People often confuse self-esteem and self-confidence, but are these just different names for the same concept?
That’s a really good question. The simple answer is, no, they are not the same but they are closely related. Let’s see how they differ.
The accepted definition in psychology is as follows: Self-esteem reflects a person’s overall evaluation or appraisal of his or her own worth.
Self-esteem is based on your beliefs about you own value as a person and your emotional view of those beliefs. For example, do you believe that you’re a competent or incompetent person?
If you said competent then the corresponding emotions are probably related to feelings of triumph or pride. Conversely, if you believe that you are incompetent then your emotional anchors might be despair or shame.
Self-esteem can be limited to one specific dimension of your life. An example of this would be, “I believe I am a good writer, and feel proud of that.” Self-esteem can also have a more all encompassing dimension. For example, “I believe I am a good person, and feel proud of myself in general.”
Terms that are closely related include: self-worth, self-regard, self-respect, self-love, self-integrity and self-acceptance.
Self-confidence is a measure of your beliefs about your own judgment, skills and abilities. This includes the level of future performance you expect from yourself.
Self-confidence relates closely to your level of self-assuredness about what you think you can do or accomplish.
Fear of failure is one of the greatest threats to your personal success. Self-confident people are keenly aware of what they can do well, and they succeed by focusing their efforts in those directions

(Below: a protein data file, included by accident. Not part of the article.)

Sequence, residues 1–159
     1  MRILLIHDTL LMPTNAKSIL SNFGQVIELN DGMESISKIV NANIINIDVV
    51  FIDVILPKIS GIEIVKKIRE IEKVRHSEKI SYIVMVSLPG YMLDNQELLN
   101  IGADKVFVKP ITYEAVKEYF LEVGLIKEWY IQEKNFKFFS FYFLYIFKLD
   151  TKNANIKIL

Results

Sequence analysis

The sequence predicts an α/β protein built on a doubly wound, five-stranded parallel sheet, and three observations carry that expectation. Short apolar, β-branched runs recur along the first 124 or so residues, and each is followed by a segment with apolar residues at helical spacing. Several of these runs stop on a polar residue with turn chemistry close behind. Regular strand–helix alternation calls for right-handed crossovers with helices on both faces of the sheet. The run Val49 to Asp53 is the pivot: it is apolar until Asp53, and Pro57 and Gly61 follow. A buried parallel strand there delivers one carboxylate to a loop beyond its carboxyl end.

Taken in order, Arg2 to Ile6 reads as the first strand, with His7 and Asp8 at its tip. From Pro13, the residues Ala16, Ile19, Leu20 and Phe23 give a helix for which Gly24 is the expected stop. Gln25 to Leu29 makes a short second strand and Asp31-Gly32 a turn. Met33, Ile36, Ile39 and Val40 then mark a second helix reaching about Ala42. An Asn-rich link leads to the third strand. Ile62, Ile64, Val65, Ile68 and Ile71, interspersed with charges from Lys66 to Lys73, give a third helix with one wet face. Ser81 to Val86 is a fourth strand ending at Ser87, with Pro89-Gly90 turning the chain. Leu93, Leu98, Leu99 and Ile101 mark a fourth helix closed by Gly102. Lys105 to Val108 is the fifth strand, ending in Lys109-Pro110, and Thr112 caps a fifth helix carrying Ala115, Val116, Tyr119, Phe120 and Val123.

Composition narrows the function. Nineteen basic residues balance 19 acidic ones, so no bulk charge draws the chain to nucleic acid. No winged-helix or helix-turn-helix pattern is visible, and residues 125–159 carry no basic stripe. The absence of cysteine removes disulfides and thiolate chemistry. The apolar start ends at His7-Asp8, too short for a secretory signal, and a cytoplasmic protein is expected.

How they work together?
Even though they are not the same thing, self-confidence and self-esteem are very closely related.
Is one more important than the other? Not really because they go hand in hand. To be a happy, healthy, fully functional person you need both.
Confident behavior and demeanor are a reflection of a healthy self-esteem and will be evident in your level of assertiveness or confidence.
If you lack confidence and thus produce less than encouraging results, it will adversely affect your sense of self-worth. Confidence is gained by taking actions that lead to successful outcomes. Your successes give you reasons to approve of yourself, which builds your self-esteem. One feeds the other.
If you want some practical guidelines in this area, sing up for our free newsletter Sharing Life Skills and I’ll send you a copy of the Premier Double Edition to get you started. It will help you develop a successful mindset so you can produce the kind of results that build self-confidence and self-esteem.
Is your level of self-esteem reflected in your self-confidence?
Does your self-esteem limit your self-confidence?
The lines are open!
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